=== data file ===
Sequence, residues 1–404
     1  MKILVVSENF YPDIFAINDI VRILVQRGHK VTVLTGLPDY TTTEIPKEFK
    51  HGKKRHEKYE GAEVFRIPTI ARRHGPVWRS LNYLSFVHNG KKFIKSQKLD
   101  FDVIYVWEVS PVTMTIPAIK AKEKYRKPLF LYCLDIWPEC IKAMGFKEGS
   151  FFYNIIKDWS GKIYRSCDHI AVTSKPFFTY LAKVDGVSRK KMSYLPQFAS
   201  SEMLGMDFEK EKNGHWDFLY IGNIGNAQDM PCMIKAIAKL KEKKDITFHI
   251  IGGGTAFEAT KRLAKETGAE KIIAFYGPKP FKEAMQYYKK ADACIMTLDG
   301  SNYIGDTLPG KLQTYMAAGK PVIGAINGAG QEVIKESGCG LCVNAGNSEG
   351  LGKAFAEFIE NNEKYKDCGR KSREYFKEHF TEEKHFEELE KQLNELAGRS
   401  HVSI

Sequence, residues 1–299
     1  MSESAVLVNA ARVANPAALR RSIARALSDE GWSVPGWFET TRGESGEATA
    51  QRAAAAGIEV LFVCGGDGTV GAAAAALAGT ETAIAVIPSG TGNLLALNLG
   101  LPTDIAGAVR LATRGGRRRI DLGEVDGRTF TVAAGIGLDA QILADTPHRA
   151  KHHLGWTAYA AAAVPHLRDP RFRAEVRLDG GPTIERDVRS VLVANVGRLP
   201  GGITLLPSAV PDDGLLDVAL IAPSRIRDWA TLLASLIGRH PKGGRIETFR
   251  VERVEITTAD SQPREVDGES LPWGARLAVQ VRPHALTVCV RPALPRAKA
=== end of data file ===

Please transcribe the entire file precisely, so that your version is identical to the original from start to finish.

Sequence, residues 1–404
     1  MKILVVSENF YPDIFAINDI VRILVQRGHK VTVLTGLPDY TTTEIPKEFK
    51  HGKKRHEKYE GAEVFRIPTI ARRHGPVWRS LNYLSFVHNG KKFIKSQKLD
   101  FDVIYVWEVS PVTMTIPAIK AKEKYRKPLF LYCLDIWPEC IKAMGFKEGS
   151  FFYNIIKDWS GKIYRSCDHI AVTSKPFFTY LAKVDGVSRK KMSYLPQFAS
   201  SEMLGMDFEK EKNGHWDFLY IGNIGNAQDM PCMIKAIAKL KEKKDITFHI
   251  IGGGTAFEAT KRLAKETGAE KIIAFYGPKP FKEAMQYYKK ADACIMTLDG
   301  SNYIGDTLPG KLQTYMAAGK PVIGAINGAG QEVIKESGCG LCVNAGNSEG
   351  LGKAFAEFIE NNEKYKDCGR KSREYFKEHF TEEKHFEELE KQLNELAGRS
   401  HVSI

Sequence, residues 1–299
     1  MSESAVLVNA ARVANPAALR RSIARALSDE GWSVPGWFET TRGESGEATA
    51  QRAAAAGIEV LFVCGGDGTV GAAAAALAGT ETAIAVIPSG TGNLLALNLG
   101  LPTDIAGAVR LATRGGRRRI DLGEVDGRTF TVAAGIGLDA QILADTPHRA
   151  KHHLGWTAYA AAAVPHLRDP RFRAEVRLDG GPTIERDVRS VLVANVGRLP
   201  GGITLLPSAV PDDGLLDVAL IAPSRIRDWA TLLASLIGRH PKGGRIETFR
   251  VERVEITTAD SQPREVDGES LPWGARLAVQ VRPHALTVCV RPALPRAKA